A black footballer was unfairly sacked by Gillingham FC after being racially victimised, an employment tribunal has ruled.
Former Barbados international player Mark McCammon, 33, took legal action against the League Two side after being dismissed for alleged misconduct last year.
The 6ft 2in striker told a hearing in Ashford, Kent, that he and other black players at the club were treated differently from white players. McCammon said he was ordered to come into the ground amid "treacherous", snowy driving conditions while some white players were told they were not required.
He also said the club tried to "frustrate him out" by refusing to pay private medical bills to help him regain his fitness following injury.
Instead, he claims he was offered the same operation on the NHS rather than privately, a move he described as "completely out of character" for a Football League club, and that he was fined two weeks' wages when he paid a visit to a private consultant. In contrast, the former Charlton, Swindon, Millwall and Brighton player said, a white team-mate was flown to Dubai for treatment by an eminent physiotherapist at the club's expense.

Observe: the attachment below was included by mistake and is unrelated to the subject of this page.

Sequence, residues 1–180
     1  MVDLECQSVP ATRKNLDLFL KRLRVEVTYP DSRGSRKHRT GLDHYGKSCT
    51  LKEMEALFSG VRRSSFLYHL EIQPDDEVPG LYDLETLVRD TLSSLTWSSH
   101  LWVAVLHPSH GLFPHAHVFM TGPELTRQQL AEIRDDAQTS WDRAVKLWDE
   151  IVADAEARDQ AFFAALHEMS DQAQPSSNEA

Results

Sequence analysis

In a letter sent to the Professional Footballers' Association (PFA) outlining his grievances, McCammon also claimed he was told not to blog while others were permitted to.
Officials at Gillingham said they were "staggered" by the ruling, saying the club had employed thousands of staff of different races and religions.
The club said in a statement: "Today we have received the decision of the Ashford Employment Tribunal which sets out their findings that Mark McCammon was unfairly dismissed and that his dismissal was an act of racial victimisation. We are hugely disappointed, in fact staggered, by this decision. As an organisation we are an equal opportunity employer and do not discriminate against, nor victimise our staff."
McCammon was "relieved" at the judgment and said he hopes it will lead other players to raise "legitimate complaints" of discrimination.
A statement issued through his solicitor, Sim Owolabi, said: "Mr McCammon is relieved that he has been afforded the opportunity to put forward the truth about the experience he suffered at the hands of his former employers. He is pleased that the employment tribunal has found in his favour and feels that the judgment makes clear that his dismissal was not only unfair but an act of race victimisation."